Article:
Running an Inlet – With the Big Dogs

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inlet

Running an inlet is bad enough; running an inlet with a bunch of big battlewagons on your tail is even worse.

Running an inlet can be a stressful event, but it’s made worse when there’s a ton of boat traffic. What takes it from worse to really bad is a bunch of big battlewagons on your tail. I don’t know if it’s ego or impatiences, but for whatever reason, it always seems like the captains of those boats refuse to pull back on the throttle to give other boats a little bit of breathing room.

inlet

Running an inlet is bad enough; running an inlet with a bunch of big battlewagons on your tail is even worse.

You don’t want to get run down and you also don’t want to let the big boats run you off, so what’s the guy at the wheel of a 20-something supposed to do when those big boats refuse to give way – even though you have the right of way? For starters, always maintain a steady course and speed. Accidents happen when boats unexpectedly veer one way or the other, and chopping the throttle is just as bad. Think of it like slamming on the brakes when you have a tail-gater in the rear-view. It’s tempting, but it’s also not worth the risk. Secondly, remember that the larger sportfishers are actually a lot more constrained in where they can go. Many inlets have a deep water channel, and water that’s deep enough for you and I to either side. But the big boats may need to stay right inside that channel. In this case, there’s no good reason to stay in-between the markers; you may as well cruise in through one side of the inlet or the other, to make more room for everyone.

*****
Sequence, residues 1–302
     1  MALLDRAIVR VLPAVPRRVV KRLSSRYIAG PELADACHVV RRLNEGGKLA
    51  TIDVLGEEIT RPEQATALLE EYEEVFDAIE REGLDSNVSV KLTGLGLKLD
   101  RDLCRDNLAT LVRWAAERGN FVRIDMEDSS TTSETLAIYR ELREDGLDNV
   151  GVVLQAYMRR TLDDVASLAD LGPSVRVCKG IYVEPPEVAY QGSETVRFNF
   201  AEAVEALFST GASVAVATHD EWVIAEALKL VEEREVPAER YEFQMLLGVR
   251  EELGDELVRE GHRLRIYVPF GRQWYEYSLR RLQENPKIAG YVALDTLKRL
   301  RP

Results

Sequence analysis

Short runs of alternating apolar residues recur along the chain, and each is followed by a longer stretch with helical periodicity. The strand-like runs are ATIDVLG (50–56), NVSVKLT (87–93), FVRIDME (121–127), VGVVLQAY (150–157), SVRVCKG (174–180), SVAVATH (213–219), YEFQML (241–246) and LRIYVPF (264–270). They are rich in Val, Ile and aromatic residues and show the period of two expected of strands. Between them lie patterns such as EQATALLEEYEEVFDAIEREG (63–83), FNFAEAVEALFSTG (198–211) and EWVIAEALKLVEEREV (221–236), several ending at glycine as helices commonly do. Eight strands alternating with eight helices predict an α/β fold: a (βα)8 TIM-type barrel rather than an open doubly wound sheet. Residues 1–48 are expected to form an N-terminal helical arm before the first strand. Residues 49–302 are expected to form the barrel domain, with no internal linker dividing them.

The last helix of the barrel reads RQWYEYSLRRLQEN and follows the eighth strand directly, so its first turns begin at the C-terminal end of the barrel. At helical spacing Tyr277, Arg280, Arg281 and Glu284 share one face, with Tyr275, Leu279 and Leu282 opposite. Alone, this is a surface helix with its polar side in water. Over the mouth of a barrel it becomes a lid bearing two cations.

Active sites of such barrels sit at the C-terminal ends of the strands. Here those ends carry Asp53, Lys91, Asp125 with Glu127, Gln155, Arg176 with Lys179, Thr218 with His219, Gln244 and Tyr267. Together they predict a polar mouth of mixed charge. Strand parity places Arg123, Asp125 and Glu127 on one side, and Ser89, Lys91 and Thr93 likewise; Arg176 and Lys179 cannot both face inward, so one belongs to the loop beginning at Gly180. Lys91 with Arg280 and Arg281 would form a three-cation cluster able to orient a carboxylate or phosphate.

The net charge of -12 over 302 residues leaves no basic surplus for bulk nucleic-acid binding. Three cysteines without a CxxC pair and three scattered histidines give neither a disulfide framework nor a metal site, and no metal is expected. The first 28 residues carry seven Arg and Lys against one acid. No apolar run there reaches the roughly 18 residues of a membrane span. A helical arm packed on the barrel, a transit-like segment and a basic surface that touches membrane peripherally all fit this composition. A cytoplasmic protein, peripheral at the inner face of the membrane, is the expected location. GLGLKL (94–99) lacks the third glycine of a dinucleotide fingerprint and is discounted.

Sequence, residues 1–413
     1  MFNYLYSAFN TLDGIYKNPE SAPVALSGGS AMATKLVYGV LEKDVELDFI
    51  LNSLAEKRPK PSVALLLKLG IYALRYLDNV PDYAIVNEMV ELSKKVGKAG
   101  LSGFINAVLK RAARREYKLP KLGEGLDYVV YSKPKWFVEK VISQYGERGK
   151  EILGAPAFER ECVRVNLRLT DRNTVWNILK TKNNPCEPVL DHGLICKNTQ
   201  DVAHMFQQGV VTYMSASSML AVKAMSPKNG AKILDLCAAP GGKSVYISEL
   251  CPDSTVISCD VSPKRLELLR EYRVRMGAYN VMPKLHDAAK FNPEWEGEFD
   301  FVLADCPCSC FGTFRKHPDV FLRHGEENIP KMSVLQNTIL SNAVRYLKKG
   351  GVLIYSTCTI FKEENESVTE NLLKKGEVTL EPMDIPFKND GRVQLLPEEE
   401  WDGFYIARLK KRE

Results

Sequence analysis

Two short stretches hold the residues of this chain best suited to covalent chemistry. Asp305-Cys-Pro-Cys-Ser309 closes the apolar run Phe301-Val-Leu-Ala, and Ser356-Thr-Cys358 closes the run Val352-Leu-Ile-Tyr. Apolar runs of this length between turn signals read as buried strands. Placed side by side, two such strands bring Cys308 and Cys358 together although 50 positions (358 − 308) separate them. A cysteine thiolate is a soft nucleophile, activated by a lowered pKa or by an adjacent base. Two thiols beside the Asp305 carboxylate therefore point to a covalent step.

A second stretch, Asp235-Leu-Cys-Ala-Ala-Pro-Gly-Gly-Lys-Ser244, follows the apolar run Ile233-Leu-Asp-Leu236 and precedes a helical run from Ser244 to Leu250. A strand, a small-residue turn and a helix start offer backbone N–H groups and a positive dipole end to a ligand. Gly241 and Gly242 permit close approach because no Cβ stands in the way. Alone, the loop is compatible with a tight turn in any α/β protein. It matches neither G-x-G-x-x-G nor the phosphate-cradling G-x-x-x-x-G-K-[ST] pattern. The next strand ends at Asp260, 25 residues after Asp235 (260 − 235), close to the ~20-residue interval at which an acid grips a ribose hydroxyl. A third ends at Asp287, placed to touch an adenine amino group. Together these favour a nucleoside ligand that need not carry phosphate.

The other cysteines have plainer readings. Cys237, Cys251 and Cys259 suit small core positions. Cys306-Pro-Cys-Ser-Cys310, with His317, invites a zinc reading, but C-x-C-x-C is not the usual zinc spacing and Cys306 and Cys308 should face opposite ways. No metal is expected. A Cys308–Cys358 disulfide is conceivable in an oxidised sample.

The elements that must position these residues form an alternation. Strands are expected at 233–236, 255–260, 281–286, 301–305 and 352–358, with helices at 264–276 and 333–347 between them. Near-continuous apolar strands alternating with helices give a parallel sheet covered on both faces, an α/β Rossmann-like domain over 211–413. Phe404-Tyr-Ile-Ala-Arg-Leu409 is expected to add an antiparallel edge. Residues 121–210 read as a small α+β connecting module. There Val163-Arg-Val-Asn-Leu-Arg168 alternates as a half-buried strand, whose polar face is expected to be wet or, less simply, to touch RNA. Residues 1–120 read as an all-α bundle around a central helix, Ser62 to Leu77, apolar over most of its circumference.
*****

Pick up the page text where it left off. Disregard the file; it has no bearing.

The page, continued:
You also need to carefully watch their wakes. The boat wake thrown off by a 50-footer is big enough to cause serious problems for a small center console. Remember to meet the wake at a 45-degree angle to the bow, and go fast enough to keep your bow up, yet slow enough you won’t launch off the wave. Don’t let one of those wakes catch you in the stern – it can shove the boat in an unexpected direction – and always warn your passengers to hold on tight before it hits.

If you and the big boat are going to reach the inlet at the same time, there’s nothing wrong with backing off a bit and swinging in behind. In fact, this can be advantageous; his heavy hull will knock down the chop, and make for a smoother ride. And if any of you guys who run those big boats happen to be reading this: it wouldn’t hurt you to back off a bit, too. Having that big bow barreling up from behind is not fun, and it wouldn’t kill you to get to the dock a minute or two later.

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